The Occupational Safety and Health Review Commission has established a three-part test to determine whether third-party safety and health audits are protected from disclosure by the attorney-client privilege. Secretary of Labor v. Delek Refining, Ltd., OSHRC No. 09-0844 (July 11, 2011).
Delek hired a third party to conduct an audit of its process safety management program. This audit was meant to assist legal counsel in its compliance efforts. After the Occupational Safety and Health Administration (OSHA) investigated an explosion and fire at a Delek facility, litigation followed. During discovery, the Secretary of Labor requested a copy of the audit report, but Delek claimed the report was protected by attorney-client privilege. The Administrative Law Judge (ALJ) denied Delek’s motion to quash on the basis of privilege, and the company sought review of the denial with the Commission.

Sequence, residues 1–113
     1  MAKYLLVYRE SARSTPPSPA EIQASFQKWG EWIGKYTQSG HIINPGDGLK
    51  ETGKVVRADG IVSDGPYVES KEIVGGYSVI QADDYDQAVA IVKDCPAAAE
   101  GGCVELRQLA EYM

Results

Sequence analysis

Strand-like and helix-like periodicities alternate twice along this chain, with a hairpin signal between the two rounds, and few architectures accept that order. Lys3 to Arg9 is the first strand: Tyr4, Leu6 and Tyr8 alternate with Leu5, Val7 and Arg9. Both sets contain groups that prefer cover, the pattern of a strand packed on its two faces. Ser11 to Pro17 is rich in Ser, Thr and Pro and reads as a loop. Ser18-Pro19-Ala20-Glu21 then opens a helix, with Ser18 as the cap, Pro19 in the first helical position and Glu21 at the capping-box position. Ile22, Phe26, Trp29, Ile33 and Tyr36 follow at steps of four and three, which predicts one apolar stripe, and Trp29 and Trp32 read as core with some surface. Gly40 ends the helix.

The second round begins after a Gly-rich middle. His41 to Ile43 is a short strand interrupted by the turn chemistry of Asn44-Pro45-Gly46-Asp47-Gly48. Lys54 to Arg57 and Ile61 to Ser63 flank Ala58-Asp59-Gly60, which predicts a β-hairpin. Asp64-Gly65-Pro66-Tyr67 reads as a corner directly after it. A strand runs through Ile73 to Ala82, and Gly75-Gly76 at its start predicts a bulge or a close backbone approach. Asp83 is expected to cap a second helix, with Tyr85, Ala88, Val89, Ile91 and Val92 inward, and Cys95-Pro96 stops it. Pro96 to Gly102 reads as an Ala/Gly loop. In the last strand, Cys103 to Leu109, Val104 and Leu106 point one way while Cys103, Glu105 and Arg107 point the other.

The Commission set forth a three-part test to determine whether the privilege applies to third-party reports:
- The company must have provided information to the third party (rather than the third party providing its own information).
- The company must have sought legal advice.
- In order to provide the legal advice, the attorney needed the services of the third party to translate technical or complex information.
The Commission did not rule on whether the report at issue met this test, it instead remanded that question to the ALJ to review the facts of the case in light of the three part test.
This case sets forth important factors for employers to consider when contracting with a third party to perform safety and health audits.